There's some good news for those worried about the ailing Los Angeles mountain lion P-22, whose health took a hit after the animal contracted a bad case of mange linked to ingesting rodent poisons. The big cat's doing better, at least for the time being, after a bit of veterinary care.
Our colleague Jed Kim over at KPCC broke the happy news yesterday: footage from the Griffith Park Connectivity Study's trail cameras shows that after his capture and treatment in March, P-22's mange symptoms seem to have lessened and he's apparently gaining weight again. That's very good news for a cat afflicted with a disease that interferes with hunting.
In footage captured last week, P-22 displays a much healthier coat of fur, strong evidence that the disease -- which causes intense irritation, scratching, scabbing, and dehydration -- has lessened significantly. Though he's not out of the woods yet -- said woods still being full of carelessly used rat poisons and the animals who consume it -- it's promising news not only for P-22 and his admirers, but for those hoping to treat other wildlife for rodenticide-related mange.
Scientists don't quite understand why mountain lions and bobcats exposed to anticoagulant rat poisons seem to become more susceptible to mange, a disease caused by mite infestation. But there is a solid link, and until anticoagulant rat poisons are removed from the market the threat will continue.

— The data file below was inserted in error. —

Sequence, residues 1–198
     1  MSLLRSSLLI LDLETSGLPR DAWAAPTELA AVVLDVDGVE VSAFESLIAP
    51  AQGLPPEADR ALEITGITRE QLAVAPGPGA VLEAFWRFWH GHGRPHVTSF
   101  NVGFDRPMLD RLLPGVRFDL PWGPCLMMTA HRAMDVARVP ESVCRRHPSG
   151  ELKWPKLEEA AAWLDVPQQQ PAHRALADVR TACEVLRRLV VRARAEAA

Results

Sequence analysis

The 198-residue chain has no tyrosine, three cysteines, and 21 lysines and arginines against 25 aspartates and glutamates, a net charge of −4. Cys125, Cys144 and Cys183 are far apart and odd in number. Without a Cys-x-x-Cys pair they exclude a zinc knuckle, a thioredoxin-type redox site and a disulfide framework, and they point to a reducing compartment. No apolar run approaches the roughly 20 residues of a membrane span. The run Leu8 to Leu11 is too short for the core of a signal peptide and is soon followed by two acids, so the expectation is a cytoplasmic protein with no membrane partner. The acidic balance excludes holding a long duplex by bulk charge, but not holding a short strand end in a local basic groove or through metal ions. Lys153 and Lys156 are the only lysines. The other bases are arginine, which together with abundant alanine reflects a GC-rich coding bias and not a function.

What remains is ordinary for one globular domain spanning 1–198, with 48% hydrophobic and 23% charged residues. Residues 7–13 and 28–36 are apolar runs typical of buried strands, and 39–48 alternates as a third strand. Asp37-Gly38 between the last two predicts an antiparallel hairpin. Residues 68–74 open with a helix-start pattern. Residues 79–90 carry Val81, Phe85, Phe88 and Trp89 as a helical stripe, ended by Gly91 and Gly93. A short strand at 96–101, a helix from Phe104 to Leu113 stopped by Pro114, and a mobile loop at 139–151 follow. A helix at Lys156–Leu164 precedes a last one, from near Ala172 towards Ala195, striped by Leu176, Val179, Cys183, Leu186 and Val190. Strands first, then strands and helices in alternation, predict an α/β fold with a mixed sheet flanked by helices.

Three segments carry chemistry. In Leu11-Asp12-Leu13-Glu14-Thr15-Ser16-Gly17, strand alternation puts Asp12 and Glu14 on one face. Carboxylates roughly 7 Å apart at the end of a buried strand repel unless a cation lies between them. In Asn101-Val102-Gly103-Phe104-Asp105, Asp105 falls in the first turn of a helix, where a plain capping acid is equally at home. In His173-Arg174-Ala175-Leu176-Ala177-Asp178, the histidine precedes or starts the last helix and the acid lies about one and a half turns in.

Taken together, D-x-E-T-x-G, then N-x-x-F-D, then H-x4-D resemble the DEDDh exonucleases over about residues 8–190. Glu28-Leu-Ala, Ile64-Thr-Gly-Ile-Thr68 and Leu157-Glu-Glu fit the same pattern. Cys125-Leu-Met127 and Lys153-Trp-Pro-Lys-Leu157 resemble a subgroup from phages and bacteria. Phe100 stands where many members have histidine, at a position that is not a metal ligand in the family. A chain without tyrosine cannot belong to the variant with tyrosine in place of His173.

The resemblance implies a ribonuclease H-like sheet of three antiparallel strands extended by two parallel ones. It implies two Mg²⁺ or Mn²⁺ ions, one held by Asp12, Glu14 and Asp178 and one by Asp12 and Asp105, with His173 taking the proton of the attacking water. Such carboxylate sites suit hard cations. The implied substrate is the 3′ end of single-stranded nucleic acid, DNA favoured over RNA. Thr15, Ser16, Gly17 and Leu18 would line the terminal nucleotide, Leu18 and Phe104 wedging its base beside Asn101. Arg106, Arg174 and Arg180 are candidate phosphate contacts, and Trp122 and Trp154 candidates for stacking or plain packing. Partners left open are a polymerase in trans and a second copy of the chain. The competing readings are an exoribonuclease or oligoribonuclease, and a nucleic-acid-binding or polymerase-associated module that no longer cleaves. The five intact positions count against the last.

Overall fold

A dozen formulations of over-the-counter anticoagulant rodenticides will be taken off the market next year, but that move, the result of a settlement between the EPA and the manufacturer of d-Con brand products, doesn't address other anticoagulant household rodenticides, nor the burgeoning agricultural and exterminator market.
The rodenticides detected in P-22's blood in March would not be affected by the removal of the d-Con products, according to KPCC.
The threat to bobcats and pumas comes when the cats eat animals that have consumed the rat poisons, which don't readily break down after being consumed. And since the poisons, applied as attractive baits, don't kill particularly quickly, a rodent or other animal might consume several times the amount of poison needed for a lethal dose before dying -- delivering that dose almost unimpaired to any animal that happens to eat it.
And as Griffith Park Connectivity Study wildlife biologist Miguel Ordeñana told KPCC's Kim, once you treat an animal for rodenticide poisoning there's no guarantee they won't go out and consume more.
"Even though he looks better and healthy looking compared to early on a couple months ago, it still doesn't mean he can't get it all over again," Ordeñana told KPCC. "It's still important for the future of P-22 and other wildlife that we stop putting these poisons out there."
But that's the bad news. Here's the good news from the Griffith Park Connectivity Study's trail cams, via KPCC's Vimeo account. First, a video taken shortly after P-22's veterinary encounter. He's still getting around, but he looks a patchy mess:
And again in late May, looking a lot better and with his fur grown back.
What's P-22 living on as he recovers? Another video from late May shows him taking an unfortunate raccoon out for dinner: